And because I know it will astound you, let me first tell you how cheap rent is in Taman Griya Jimbaran. Guards stand at the gates and patrol through the neighborhood. Our villa and a cliff covered with climbing vines create a quiet space for our swimming pool and yard. I conduct most of my work on a long Suar wood dining table, which is located in the outdoor kitchen connected to another shower room for the pool. We have a large living room, two bedrooms on the ground floor that are divided by a bathroom, and a third bedroom on the second floor.
- Cost of water is approximately 300k to 400k ($19.25). We’ve been filling up the pool recently.
- Power usage: 500k ($32) per month (air conditioning on from 5pm to 11am, pool filtration system on for 4 hours each day).
- Security and Garbage: $100k ($10)
- 500k ($32) per month for internet speeds of 80-100 mbps.
Amount Due: $99 (USD)
The house across the street rents for $3,600 per year, or $300 per month.
All of this, and it only costs $399 per month!
Whatever part of Bali you find yourself in, just dig a little deeper, and you’ll find a bargain.
Although many people claim to be from New York City, they may actually live in a borough outside of the city proper, such as Brooklyn, the Bronx, or a nearby suburb. Taman Griya Jimbaran, is my borough in Bali.
Culture, development, and everyday life in Taman Griya Jimbaran
Our town, Taman Griya Jimbaran, is also home to people from all over Indonesia’s archipelago, not only to work at neighboring hotels, but also to offer their distinct culinary traditions at the various cafes and food-stalls.
Every day, it seems, a new warung opens up with a slightly different spice, and there are more and more villas, as well as proximity to many smaller marketplaces, some of which cater specifically to foreigners.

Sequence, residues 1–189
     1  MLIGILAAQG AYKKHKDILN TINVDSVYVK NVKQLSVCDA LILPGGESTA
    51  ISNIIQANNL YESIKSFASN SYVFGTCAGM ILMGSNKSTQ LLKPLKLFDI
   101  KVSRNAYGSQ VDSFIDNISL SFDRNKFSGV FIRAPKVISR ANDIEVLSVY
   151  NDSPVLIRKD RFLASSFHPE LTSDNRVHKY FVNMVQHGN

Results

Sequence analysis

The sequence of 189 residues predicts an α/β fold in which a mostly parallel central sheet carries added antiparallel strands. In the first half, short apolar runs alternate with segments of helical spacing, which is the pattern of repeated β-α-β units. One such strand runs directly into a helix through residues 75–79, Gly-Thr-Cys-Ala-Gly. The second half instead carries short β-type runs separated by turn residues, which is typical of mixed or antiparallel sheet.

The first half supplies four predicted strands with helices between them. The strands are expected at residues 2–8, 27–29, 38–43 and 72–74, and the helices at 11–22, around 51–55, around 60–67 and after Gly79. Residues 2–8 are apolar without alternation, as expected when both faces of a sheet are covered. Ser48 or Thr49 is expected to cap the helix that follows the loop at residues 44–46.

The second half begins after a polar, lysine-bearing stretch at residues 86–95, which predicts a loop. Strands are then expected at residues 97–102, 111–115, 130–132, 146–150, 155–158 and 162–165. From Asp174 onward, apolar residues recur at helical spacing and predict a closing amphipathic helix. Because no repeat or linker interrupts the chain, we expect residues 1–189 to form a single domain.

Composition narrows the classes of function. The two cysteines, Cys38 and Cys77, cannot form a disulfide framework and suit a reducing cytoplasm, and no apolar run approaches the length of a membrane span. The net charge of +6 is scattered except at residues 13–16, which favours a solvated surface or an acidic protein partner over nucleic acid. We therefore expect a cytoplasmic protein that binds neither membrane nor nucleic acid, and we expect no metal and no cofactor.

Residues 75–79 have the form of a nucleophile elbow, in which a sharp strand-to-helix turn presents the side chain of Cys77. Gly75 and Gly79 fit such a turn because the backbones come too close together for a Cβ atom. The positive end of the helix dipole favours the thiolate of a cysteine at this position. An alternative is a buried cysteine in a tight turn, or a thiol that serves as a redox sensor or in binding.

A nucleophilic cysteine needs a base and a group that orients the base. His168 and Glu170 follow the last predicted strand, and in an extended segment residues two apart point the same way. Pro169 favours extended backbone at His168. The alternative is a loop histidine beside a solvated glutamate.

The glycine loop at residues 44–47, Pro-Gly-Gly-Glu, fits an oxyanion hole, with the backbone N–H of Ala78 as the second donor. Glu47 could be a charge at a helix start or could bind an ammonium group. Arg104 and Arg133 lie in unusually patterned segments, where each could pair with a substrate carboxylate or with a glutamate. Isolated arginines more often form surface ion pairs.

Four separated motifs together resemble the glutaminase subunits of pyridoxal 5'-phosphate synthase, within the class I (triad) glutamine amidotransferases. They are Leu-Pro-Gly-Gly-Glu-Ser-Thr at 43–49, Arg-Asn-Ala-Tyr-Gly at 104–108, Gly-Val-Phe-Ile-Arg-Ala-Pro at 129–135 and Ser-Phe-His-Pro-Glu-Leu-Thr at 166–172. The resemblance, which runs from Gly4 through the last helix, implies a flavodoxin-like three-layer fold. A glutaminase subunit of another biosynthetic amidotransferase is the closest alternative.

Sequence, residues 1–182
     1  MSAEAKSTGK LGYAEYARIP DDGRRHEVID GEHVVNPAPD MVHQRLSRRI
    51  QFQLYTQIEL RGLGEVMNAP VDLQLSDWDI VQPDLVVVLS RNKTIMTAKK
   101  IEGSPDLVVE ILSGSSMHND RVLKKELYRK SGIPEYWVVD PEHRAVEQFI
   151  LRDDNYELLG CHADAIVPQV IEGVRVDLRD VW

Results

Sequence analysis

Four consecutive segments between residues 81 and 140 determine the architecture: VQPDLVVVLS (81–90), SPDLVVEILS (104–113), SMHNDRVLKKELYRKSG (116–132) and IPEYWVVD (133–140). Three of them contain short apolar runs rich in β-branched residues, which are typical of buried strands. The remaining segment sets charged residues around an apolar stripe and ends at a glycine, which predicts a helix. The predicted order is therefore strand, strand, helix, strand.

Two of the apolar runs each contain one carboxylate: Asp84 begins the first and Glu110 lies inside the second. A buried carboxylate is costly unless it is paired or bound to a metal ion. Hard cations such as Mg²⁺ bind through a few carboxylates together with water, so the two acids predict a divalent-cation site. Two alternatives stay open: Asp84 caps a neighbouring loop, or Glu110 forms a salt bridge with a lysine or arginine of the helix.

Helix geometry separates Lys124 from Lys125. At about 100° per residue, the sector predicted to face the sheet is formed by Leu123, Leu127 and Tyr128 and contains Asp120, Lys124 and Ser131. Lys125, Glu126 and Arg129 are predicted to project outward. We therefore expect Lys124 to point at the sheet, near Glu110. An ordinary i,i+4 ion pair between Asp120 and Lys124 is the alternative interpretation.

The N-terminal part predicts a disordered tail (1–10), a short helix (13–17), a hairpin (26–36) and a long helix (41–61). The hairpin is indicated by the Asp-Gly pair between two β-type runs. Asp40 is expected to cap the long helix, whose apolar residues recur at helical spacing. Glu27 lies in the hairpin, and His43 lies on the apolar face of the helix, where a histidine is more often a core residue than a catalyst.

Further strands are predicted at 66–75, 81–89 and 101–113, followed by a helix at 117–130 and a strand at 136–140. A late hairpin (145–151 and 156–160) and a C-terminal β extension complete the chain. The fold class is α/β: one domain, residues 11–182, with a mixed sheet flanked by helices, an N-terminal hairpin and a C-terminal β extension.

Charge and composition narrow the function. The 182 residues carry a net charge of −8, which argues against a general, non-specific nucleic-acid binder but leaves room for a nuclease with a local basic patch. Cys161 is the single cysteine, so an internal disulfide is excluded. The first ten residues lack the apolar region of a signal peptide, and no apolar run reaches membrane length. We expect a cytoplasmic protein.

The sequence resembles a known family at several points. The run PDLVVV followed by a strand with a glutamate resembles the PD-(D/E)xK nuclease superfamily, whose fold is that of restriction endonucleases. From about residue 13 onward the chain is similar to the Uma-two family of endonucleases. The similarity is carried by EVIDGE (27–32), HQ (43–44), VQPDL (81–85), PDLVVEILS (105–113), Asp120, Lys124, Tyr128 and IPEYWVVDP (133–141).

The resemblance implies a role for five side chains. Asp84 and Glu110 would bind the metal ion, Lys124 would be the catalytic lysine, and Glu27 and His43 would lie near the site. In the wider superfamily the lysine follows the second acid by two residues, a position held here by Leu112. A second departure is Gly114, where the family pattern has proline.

Small cafes, convenience stores, mini-markets, and street vendors are lined up everywhere in Taman Griya Jimbaran, selling everything from stinky fruit to mini carnival rides for local toddlers. Everyone here starts to shut down by 10 o’clock at night and head home to their families.
Canguu, Seminyak, or Kuta would be better if you’re looking for bars that are open late.
Taman Griya Jimbaran still some empty lots as of this writing despite all the recent development.
There aren’t many rice fields around here anymore, but if you head in the direction of Uluwatu (which isn’t far away), you’ll find plenty of swanky hotels, villas, and cows.
It’s hard to wrap one’s head around the quick expansion of restaurants and the constant appearance of freshly poured concrete.
For the 2022 G20 summit, the entire island of Bali is undergoing a makeover, from the airport to Nusa Dua, complete with new pavement, replanted flowerbeds, and ornate penjor’s (ornamental bamboo poles) to symbolize Mount Agung, the rivers that flow from it to the sea, and the earth’s bountiful harvest.